I suggest writing a very polite letter to the homeowners association president, with a copy to the professional management company, stating you want this long-standing problem fixed within 30 days.
If you don’t get satisfactory action by then, it’s time to hire a local attorney who is familiar with condominium law. This problem is affecting the enjoyment of your condo, its market value and the marketability of your unit. You’ve been very patient far too long.
REALTOR IS IN PROPERTY SALES, NOT FORECLOSURES
DEAR BOB: I sold my house six years ago and carried back a $7,000 second mortgage at 5 percent interest for the buyer. She has made only random payments of different amounts, for about $5,000 total, including interest. There was supposed to be a balloon payment due at the end of two years. She still owes me about $5,000. My problem is the Realtor who handled this said he would handle any problems. He has all the paperwork. I realize I am not at the top of his priority list. The loan is way overdue. I’ve avoided consulting an attorney because I heard the fee would be more than the loan balance. What should I do? –Marianne T.
DEAR MARIANNE: Get rid of that Realtor. His job is to sell properties, not to advise you on servicing a mortgage that is in default. Get all the paperwork from the Realtor and figure out exactly what the defaulting borrower owes you.
Then, depending where the property is located, take your documentation to either the trustee named on the deed of trust or to a local real estate attorney who specializes in mortgage foreclosures.
This should be a routine matter to either record a notice of default or file a mortgage foreclosure lawsuit. You have been far too lax. Get busy.
You will get your money when the borrower receives the official notice or, if the property goes to a foreclosure sale, from the high bidder, or you will get the property title back to sell for a second profit.
WHO IS LIABLE FOR THEFT AT OPEN HOUSE?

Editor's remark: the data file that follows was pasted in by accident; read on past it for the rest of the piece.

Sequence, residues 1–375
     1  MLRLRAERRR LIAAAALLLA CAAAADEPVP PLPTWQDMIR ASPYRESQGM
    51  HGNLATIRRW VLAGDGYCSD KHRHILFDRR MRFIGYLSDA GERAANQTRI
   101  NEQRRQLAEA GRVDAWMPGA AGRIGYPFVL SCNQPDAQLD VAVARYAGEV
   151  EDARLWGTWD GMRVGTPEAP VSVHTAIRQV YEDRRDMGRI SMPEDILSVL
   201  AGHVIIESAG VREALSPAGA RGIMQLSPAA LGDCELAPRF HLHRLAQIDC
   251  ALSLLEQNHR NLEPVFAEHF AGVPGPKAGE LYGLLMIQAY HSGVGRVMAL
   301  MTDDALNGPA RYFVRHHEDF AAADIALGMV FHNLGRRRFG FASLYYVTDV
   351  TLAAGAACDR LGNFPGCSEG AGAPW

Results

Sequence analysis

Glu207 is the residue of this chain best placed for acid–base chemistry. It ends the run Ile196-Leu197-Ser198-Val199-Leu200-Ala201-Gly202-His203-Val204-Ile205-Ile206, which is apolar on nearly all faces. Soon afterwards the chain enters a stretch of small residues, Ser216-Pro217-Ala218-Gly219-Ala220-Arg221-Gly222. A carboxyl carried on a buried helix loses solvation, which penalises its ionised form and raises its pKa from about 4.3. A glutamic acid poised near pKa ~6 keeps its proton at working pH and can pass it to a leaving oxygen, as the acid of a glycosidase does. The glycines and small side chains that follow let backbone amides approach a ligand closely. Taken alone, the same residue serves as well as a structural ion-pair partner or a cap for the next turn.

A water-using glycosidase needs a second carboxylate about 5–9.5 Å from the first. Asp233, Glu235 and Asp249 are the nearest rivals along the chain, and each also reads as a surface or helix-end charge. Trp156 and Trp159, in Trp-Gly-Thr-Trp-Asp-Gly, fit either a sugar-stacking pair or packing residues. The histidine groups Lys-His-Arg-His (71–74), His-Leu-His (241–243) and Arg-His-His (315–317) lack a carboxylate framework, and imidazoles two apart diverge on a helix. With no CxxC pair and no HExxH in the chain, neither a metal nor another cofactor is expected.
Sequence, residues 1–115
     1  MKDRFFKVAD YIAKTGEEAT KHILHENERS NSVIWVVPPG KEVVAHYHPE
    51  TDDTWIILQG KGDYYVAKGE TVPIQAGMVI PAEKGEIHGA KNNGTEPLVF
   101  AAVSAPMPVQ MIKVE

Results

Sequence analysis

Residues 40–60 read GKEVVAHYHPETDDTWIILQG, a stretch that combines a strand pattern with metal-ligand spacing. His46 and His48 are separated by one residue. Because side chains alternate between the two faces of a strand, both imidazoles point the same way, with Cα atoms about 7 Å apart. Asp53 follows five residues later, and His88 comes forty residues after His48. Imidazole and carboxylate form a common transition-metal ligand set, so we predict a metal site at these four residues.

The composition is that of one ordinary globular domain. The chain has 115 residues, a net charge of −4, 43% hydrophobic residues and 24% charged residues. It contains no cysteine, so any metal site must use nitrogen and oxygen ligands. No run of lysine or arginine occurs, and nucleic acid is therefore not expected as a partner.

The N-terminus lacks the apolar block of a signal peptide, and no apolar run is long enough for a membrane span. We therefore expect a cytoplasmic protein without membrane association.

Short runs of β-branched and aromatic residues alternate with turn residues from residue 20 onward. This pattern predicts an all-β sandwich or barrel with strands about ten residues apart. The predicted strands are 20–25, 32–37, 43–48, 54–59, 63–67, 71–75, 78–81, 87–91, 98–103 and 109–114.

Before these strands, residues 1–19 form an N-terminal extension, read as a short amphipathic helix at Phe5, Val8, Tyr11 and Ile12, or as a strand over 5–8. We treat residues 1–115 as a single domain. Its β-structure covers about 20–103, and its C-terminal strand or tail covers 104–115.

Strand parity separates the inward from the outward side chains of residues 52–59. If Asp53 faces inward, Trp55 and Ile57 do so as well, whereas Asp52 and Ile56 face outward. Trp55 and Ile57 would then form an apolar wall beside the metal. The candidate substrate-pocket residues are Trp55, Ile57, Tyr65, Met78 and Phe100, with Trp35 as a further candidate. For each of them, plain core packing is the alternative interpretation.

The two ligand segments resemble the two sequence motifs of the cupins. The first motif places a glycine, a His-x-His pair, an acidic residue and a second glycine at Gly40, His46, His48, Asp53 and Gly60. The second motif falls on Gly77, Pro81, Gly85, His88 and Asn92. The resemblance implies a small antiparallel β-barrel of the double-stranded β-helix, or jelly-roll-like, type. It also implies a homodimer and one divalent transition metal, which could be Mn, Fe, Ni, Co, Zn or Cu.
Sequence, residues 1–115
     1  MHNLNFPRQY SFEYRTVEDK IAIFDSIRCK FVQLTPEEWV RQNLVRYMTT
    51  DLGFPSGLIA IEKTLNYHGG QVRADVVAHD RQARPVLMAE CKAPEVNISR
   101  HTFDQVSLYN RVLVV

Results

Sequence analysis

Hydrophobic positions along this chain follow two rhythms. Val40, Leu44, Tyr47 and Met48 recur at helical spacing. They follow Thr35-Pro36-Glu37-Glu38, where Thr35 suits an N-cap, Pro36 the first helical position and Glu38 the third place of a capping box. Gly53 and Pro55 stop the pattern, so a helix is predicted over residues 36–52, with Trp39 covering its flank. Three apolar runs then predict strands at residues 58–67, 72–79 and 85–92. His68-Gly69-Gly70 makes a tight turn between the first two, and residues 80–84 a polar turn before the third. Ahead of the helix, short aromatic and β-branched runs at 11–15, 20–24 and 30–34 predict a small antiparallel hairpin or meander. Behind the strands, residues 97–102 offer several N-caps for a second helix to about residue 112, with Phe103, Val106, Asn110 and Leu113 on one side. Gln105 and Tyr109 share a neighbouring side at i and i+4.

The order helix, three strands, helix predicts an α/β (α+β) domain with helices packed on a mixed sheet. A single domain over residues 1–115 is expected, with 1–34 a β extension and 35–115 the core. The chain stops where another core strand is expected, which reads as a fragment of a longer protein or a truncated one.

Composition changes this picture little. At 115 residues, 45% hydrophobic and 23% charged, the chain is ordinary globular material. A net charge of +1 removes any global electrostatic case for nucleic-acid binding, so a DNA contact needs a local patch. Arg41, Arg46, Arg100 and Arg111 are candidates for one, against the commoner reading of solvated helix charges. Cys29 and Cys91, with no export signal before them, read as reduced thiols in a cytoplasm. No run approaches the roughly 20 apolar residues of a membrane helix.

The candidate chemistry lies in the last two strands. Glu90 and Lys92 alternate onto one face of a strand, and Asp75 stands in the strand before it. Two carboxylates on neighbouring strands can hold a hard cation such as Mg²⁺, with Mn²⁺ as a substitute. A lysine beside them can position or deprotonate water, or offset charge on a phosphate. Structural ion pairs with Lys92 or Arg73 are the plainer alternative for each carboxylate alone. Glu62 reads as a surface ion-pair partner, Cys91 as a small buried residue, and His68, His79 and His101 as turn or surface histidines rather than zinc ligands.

DEAR BOB: At some point during the showing of my house for sale or while it was being inspected, an expensive item went missing. Is it unreasonable to ask the real estate agents involved to be responsible for items stolen? Or is this something for our homeowners insurance to deal with? –Nick G.
DEAR NICK: You should not have left an expensive item in the house that you knew would be inspected by strangers. Unless you can prove that the realty agent, a professional inspector or a prospective buyer stole the item, forget it. Of course, if the item is insured under your homeowners insurance policy, file a claim with your insurer.
LIVING TRUST CAN AVOID PROBATE PROBLEMS
DEAR BOB: I asked my father to put our house into a living trust, but he refuses. My younger sister ran away from home in high school. He thinks if he dies intestate without a will the probate judge will make me own half of the house with her in case she ever reappears. Should he die, what will I do with one-half of a million-dollar house? I can’t sell or rent it without my sister’s approval. What is the solution? –Mel G.
DEAR MEL: If your father dies intestate without a will, state law decides who gets his property. Probate court proceedings will be required, thus taking at least six to 18 months, perhaps longer.
If you and your missing sister are his only heirs, the house and other assets will go to both of you by intestate succession. After you both receive title, then you could bring a partition lawsuit to force a sale of the house. If she can’t be found, the court could order her half of the sales proceeds held in trust for her.
But a better approach to avoid probate court interference is for your father to deed the house and his other major assets into his revocable living trust. When he passes away, then the living-trust assets will be distributed by the named successor trustee (presumably you) as provided in the living trust.
In the living trust, your father can specify his estate goes to you with $100 to your sister. Then, upon his passing, you can sell or keep the house. More details are in my new special report, “Pros and Cons of Living Trusts to Avoid Conservatorship, Probate Costs and Delays for Your Heirs,” available for $5 from Robert Bruss, 251 Park Road, Burlingame, Calif., 94010, or by credit card at 1-800-736-1736 or instant Internet delivery at www.BobBruss.com. Questions for this column are welcome at either address.